Exercise-based cardiac rehabilitation effective for coronary heart disease

Clinical question: 
How effective is exercise-based cardiac rehabilitation on mortality, morbidity and health-related quality of life (QOL) in patients with coronary heart disease (CHD)?
Bottom line: 
Compared with usual care, in medium to longer-term follow-up (12 or more months) exercise-based cardiac rehabilitation was found to be effective in reducing overall and cardiovascular mortality in patients with CHD, and appeared to reduce the risk of hospital admissions in the shorter term (<12 months follow-up). There was no reduction seen in the risk of total myocardial infarction, coronary artery bypass graft or percutaneous transluminal coronary angioplasty.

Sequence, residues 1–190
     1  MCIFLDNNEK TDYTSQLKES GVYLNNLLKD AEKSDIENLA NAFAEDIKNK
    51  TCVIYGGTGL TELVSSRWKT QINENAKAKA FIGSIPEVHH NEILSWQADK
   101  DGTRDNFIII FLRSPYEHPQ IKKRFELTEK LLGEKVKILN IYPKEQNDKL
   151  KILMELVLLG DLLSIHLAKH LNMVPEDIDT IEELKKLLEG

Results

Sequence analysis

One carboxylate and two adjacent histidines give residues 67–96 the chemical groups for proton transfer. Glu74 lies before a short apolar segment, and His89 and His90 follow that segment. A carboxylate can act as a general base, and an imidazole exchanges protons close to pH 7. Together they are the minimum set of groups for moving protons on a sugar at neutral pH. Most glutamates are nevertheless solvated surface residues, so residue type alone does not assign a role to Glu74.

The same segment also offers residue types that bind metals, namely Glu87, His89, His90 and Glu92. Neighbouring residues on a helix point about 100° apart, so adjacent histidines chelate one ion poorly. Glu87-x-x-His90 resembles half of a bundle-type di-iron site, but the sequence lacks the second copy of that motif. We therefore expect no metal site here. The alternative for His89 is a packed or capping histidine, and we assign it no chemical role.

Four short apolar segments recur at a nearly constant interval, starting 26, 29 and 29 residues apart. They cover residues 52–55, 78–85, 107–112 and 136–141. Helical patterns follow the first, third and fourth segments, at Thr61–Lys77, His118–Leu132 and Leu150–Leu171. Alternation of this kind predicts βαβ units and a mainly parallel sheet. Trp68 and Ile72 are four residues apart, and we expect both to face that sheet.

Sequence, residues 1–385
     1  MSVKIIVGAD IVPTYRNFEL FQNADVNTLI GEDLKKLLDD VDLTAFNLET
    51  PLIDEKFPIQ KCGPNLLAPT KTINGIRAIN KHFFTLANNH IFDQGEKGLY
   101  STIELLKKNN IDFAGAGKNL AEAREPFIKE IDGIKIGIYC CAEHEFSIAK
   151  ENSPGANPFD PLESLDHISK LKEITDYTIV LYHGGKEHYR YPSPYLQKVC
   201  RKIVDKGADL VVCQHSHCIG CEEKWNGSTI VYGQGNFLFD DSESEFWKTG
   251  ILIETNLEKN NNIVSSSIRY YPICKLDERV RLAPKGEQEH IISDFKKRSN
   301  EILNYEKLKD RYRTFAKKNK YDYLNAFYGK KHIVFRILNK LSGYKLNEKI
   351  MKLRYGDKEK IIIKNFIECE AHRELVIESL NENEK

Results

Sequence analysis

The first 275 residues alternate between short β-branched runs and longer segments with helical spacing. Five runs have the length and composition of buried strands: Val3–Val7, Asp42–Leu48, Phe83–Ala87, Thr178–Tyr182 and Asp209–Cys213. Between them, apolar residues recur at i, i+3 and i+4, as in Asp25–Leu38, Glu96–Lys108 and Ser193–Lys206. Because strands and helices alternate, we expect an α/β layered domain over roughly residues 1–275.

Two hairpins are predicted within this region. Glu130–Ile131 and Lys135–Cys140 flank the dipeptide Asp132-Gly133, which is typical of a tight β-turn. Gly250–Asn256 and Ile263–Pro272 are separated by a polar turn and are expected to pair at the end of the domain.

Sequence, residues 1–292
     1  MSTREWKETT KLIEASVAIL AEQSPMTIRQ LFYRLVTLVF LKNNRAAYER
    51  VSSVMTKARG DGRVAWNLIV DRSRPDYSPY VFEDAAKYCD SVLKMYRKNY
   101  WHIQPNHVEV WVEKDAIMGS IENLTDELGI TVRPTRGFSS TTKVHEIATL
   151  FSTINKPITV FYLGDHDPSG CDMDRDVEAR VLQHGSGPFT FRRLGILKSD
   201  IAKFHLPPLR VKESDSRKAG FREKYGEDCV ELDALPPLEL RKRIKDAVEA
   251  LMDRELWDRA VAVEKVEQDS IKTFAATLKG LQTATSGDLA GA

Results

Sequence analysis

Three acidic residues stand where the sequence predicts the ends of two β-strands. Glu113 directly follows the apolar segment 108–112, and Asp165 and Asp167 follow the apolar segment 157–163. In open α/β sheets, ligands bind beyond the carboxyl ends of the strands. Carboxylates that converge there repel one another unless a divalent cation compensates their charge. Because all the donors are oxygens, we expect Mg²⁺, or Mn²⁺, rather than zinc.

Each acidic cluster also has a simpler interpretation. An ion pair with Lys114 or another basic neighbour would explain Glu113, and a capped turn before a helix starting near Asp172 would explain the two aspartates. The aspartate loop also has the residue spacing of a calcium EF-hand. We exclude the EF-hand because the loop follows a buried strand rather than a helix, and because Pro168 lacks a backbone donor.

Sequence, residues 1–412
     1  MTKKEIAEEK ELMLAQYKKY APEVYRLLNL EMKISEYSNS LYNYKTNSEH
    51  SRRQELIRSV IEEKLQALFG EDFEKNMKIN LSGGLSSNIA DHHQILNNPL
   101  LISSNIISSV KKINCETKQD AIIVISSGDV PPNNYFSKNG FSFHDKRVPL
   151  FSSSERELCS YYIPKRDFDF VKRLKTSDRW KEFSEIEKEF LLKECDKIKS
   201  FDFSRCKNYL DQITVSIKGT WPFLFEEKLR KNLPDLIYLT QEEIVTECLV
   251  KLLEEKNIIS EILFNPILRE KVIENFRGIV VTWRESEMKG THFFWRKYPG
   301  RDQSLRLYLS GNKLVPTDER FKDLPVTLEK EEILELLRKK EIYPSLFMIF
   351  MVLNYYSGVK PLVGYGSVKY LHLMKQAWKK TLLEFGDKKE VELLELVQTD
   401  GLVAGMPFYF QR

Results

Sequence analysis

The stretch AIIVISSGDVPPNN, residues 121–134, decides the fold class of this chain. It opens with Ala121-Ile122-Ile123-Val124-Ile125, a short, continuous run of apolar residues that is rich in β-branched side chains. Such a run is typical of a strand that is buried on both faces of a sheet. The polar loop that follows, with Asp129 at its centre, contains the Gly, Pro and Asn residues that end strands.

There appears to be little difference between exercise alone, or in combination with psychosocial or educational cardiac rehabilitation interventions. There were insufficient data to definitely conclude that exercise-based cardiac rehabilitation improves health-related QOL compared with control. Despite inclusion of more recent trials, the population studied was predominantly male, middle-aged and low risk.
The burden of CHD worldwide is one of concern to patients and healthcare agencies alike. Exercise-based cardiac rehabilitation aims to improve health outcomes for people with CHD through either regular exercise alone, or a combination of exercise with education and psychological support.
Review CD#: 
November, 2011
Authored by: 
Brian R McAvoy